While Portland and Ottawa may be in distant parts of North America, they share many similarities in terms of their cultural and environmental values. Both cities have a strong commitment to diversity, equality, social justice, and a deep respect for the natural world. Whether you are a lover of the arts, a foodie, or an environmentalist, Portland and Ottawa offer a unique and vibrant lifestyle that will appeal to many.

Climate and Daylight

Portland and Ottawa Sharing the 45th latitude While these metro areas are 2250 miles distant – 2,662 if you’re driving – and have their own unique histories and cultures, this shared characteristic has interesting similarities for both cities. Latitude is a measurement of a location’s position north or south of the equator, with the equator being at 0 degrees latitude. Portland, Oregon, is situated at 45.5 degrees north latitude, while Ottawa, Canada, is located at 45.4 degrees north latitude. One of the most significant implications of being on the same latitude is that both cities experience four distinct seasons. Summers in Portland and Ottawa are warm, with temperatures ranging from the mid-70s to mid-80s Fahrenheit. Although it is not unheard of for weather in Portland to reach the 90s or even 100s. Fall brings cooler temperatures and vibrant colors as the leaves on the trees begin to change. Winters can be cold in both cities, with temperatures dipping below freezing, and snowfall is not uncommon. Finally, spring brings a warm relief from the winter chill, as temperatures start to rise, and flowers begin to bloom. Another interesting effect of sharing the same latitude is that both cities experience similar daylight hours throughout the year. During the summer solstice in June, both cities receive over 15 hours of daylight, while during the winter solstice in December, they both receive just over 8 hours of daylight. This means that both cities have longer days during the summer months, for locals to enjoy outdoor activities well into the evening. 


Portland and Ottawa are both culturally rich cities with a diverse mix of people, cuisines, and arts, and music. In Portland, the arts are a significant part of the culture, with a thriving music and dance scene. The city is also known for its microbreweries and coffee shops, which have become a staple of Portland’s identity. Similarly, Ottawa boasts a rich cultural scene, with a wide variety of museums, galleries, and festivals highlighting the city’s history and diversity. The city is also renowned for its food scene, with a mix of classic Canadian dishes and international cuisine.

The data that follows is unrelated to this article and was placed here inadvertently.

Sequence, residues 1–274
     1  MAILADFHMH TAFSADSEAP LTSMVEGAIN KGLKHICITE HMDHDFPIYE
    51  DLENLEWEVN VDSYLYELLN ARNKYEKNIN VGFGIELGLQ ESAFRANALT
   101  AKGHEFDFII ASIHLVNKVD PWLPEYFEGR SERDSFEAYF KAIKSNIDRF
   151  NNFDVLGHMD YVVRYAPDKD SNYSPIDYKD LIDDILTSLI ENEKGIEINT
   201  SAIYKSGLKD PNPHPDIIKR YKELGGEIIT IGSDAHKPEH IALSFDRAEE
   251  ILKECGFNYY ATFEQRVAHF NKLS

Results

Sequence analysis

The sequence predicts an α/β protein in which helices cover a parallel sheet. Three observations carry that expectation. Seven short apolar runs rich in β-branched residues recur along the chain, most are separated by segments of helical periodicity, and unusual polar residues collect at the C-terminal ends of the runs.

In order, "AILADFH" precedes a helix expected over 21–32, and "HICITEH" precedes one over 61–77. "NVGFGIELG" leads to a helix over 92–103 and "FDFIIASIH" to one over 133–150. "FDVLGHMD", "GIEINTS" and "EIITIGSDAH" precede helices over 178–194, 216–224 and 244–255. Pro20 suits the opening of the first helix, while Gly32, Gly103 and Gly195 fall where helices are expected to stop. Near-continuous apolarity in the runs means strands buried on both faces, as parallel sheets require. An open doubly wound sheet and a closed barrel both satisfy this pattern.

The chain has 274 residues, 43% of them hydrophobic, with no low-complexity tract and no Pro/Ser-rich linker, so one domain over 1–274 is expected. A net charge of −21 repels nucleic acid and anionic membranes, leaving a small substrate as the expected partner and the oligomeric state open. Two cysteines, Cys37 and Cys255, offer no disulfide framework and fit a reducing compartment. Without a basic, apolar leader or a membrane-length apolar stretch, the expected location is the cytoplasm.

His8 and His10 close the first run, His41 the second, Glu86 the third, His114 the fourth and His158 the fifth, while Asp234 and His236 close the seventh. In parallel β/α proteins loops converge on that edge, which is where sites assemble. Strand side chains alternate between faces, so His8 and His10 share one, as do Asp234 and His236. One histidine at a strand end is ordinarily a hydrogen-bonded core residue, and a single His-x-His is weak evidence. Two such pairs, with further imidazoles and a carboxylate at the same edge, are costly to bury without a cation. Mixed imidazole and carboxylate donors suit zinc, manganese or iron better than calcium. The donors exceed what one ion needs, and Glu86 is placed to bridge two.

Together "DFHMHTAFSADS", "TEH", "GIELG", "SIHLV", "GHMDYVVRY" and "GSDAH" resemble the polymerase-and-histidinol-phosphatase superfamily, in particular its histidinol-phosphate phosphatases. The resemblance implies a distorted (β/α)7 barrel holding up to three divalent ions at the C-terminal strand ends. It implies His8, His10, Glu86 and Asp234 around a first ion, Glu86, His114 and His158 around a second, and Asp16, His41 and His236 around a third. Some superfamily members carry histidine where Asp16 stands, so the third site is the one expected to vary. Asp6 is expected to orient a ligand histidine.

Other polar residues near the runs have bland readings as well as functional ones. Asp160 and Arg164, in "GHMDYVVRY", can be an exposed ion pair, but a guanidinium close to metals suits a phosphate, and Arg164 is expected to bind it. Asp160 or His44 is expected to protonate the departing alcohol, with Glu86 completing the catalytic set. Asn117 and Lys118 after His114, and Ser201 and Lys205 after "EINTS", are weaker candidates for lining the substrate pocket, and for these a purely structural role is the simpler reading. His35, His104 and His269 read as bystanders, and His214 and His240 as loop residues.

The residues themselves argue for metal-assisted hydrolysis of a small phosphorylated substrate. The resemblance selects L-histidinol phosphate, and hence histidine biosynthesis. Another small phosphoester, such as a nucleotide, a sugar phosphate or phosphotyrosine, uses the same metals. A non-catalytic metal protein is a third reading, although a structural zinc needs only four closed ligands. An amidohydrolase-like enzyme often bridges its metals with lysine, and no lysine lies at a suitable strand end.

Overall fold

Food Trucks

One of the most significant similarities between Ottawa and Portland is their food truck scene. Each city places a focus on local, sustainable, and ethically sourced ingredients while prioritizing fresh, locally sourced ingredients. This not only supports local farmers but also provides customers with high-quality, healthy meals. In Ottawa, several food trucks participate in the Savour Ottawa program, which promotes local agriculture and encourages chefs to use local ingredients in their cooking. Meanwhile, in Portland, many food trucks are members of the Farm-to-Table Family, which connects local farmers with mobile chefs. With the wide array of food options in both Portland and Ottawa, there are plenty of local events and festivals dedicated to displaying their mobile cuisines. In Ottawa, the annual Ottawa Food Truck Rendezvous brings together dozens of food trucks for a weekend of food, music, and entertainment. Meanwhile, in Portland, the city’s annual Eat Mobile festival showcases the best of the city’s food truck scene, with over 30 food trucks serving up a variety of dishes. If you love food, you cannot go wrong with either city!

Parks and Nature

Both Portland and Ottawa are surrounded by forests and parks that offer residents hiking, cycling, picnicking, and wildlife watching. In Portland, Forest Park is the largest urban park in the United States, covering over 5,000 acres and featuring over 80 miles of trails. Forest Park is also home to numerous species of birds, including owls, woodpeckers, and bald eagles. The city is also home to many other parks, including Washington Park, which has the famous International Rose Test Garden. Gatineau Park is a 361-square-kilometer park located just outside the city in Gatineau (similar to where Vancouver is located near Portland) and offers opportunities for hiking, skiing, and camping, with an opportunity to see moose, beavers, and tons of other wildlife! The city also boasts over 300 parks, including Major’s Hill Park, which features stunning views of the Parliament Buildings and the Ottawa River.